How to Feel at Peace During Early Sobriety

How to Feel at Peace During Early Sobriety

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If you want to feel at peace during early sobriety or recovery from drug addiction then you have to put in some effort in order to make that a reality.

Early recovery is basically a roller coaster ride in terms of fluctuating emotions. This is of course on top of the physical effects of withdrawal and the adjustments that your body is attempting to make from a chemical standpoint now that you are off of whatever addictive substance you were taking.

So achieving anything like peace and serenity in early recovery can certainly be a challenge.

That said, there are certain things that you can do in order to move closer to this ideal.

Let’s start with the basics. First of all I would strongly urge you to build your foundation for early recovery inside of an inpatient treatment center–the kind where you go through a medical detox and typically stay for roughly 28 days. There are many reasons that this will help you to find peace in the long run, but one of the most important factors is that you get a protected 28 days of sobriety under your belt. As long as you remain in rehab you are insured of getting that month of sobriety, and this gives you a head start over people who try to “go it alone.”

Second of all, if you go to inpatient treatment, you will learn a number of techniques and strategies for creating peace within yourself as you journey into sobriety. Not only will you learn how to deal with being clean and sober on a day to day basis, but you will also learn various coping skills for dealing with reality when it shows up to be reckoned with. They will also probably introduce you to 12 step meetings and possibly other support tools that can help you as well.

Treatment often will refer you to aftercare. In other words, they will create a plan for you to continue your treatment and therapy after you leave the 28 day program. This is of critical importance–if you fail to follow through with aftercare then you can expect that finding peace and serenity in the long run will be much more difficult, if not impossible.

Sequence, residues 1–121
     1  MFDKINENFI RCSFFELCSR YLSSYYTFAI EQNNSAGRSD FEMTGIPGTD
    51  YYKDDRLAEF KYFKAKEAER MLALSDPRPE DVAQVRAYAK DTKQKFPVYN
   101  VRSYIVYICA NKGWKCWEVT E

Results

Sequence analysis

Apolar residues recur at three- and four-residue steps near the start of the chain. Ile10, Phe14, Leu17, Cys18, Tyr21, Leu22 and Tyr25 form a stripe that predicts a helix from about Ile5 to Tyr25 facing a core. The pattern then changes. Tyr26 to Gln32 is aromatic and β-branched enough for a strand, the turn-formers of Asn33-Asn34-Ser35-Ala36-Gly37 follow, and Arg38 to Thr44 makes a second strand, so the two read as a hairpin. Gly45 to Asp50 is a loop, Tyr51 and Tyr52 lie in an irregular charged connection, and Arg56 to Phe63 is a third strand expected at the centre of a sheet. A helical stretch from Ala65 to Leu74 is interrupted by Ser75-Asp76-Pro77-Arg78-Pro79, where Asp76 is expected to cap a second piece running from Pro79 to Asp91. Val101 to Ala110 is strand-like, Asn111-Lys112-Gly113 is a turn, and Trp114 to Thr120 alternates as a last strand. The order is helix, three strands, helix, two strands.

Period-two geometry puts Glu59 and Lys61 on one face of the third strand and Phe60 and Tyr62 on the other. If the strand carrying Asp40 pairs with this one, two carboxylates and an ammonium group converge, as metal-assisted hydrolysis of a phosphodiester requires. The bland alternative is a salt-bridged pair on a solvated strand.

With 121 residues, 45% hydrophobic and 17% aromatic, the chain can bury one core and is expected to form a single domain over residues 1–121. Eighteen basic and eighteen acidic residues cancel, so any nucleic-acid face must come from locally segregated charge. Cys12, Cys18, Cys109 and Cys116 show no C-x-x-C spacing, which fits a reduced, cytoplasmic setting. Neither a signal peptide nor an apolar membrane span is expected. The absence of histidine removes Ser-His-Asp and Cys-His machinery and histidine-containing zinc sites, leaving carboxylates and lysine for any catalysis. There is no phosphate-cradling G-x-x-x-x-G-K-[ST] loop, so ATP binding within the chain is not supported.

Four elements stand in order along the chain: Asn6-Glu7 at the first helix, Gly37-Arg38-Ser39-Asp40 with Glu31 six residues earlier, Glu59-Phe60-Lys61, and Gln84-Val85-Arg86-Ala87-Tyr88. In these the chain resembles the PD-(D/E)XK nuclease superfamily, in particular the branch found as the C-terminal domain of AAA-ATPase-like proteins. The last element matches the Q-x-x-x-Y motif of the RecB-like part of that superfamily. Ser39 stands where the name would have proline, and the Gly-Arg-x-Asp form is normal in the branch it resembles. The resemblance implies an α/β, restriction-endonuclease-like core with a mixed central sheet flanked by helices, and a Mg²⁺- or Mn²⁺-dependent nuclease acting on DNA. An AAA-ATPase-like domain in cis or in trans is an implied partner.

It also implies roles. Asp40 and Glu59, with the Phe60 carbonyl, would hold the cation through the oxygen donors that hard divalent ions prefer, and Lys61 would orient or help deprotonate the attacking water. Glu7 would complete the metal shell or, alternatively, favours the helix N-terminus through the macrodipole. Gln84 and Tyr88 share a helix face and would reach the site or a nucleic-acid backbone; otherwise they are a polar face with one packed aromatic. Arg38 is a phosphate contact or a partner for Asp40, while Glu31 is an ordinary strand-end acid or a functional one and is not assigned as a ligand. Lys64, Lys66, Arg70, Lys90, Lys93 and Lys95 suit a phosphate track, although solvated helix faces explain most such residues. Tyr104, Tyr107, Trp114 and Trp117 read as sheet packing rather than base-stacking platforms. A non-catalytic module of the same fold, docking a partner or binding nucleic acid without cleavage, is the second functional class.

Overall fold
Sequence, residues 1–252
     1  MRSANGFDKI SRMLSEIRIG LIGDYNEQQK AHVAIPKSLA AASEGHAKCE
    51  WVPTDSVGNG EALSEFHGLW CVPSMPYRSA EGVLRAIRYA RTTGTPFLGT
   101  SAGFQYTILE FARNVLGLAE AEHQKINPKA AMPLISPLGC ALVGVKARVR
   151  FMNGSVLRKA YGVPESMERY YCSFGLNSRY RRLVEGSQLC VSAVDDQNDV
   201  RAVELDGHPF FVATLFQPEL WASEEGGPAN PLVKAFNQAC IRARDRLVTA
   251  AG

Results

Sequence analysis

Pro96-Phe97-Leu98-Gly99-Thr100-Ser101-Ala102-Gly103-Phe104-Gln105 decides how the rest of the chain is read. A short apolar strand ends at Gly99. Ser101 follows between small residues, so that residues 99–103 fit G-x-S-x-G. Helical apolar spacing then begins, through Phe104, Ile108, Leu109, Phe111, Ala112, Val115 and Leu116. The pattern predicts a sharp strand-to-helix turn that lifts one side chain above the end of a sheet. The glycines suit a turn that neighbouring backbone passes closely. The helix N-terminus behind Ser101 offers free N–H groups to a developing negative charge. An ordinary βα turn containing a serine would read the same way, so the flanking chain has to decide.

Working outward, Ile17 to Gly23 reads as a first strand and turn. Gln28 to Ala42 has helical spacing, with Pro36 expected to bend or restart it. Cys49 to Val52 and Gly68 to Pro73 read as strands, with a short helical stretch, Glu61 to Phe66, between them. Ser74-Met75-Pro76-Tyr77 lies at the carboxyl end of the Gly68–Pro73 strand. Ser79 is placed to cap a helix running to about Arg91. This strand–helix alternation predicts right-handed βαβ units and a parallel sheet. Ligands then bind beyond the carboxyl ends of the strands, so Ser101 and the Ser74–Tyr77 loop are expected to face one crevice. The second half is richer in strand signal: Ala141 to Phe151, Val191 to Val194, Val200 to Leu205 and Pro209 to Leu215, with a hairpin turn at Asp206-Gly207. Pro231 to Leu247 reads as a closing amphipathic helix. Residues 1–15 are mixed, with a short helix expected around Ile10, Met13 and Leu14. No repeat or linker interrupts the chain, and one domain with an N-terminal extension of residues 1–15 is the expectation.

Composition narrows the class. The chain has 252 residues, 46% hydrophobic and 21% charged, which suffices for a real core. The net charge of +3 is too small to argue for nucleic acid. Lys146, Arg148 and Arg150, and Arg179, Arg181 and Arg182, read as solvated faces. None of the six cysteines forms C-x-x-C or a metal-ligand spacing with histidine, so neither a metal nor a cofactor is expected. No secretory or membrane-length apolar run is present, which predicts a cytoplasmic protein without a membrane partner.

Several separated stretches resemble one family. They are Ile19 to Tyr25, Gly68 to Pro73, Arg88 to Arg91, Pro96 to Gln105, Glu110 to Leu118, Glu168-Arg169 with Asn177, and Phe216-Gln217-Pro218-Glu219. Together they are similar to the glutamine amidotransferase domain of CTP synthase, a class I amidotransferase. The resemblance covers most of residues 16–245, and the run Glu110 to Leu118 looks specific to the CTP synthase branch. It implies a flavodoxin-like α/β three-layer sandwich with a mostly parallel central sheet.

So those are the basics–go to rehab, follow their advice, go to meetings and therapy and start following directions. I know that doesn’t sound like a fun time to everyone but it is the basic plan that can purchase you freedom and happiness. Looking back at my own journey, I can honestly say that going to treatment and following through was the best thing that I did for myself.

Now as you transition out of treatment you still have a great deal of work to do in order to build a healthy life for yourself in recovery. What you want to do at this point is to engage in personal growth and start to do the work that will allow you to remain clean in the long run. A lot of people leave treatment and then they drift away from the core program and they don’t put in any effort and it leads them to relapse. Obviously we want a different outcome for you.

A lot of spiritual advisors in the world would argue that your natural state of being is to be at peace and content with yourself. The problem is that we have lived a crazy life of addiction and therefore we have created all sorts of drama, fears, resentments, self pity, shame, guilt, and so on. All of those things got piled on to our lives, much of it due to our addiction, and it is those negative things that rob us of our peace and serenity.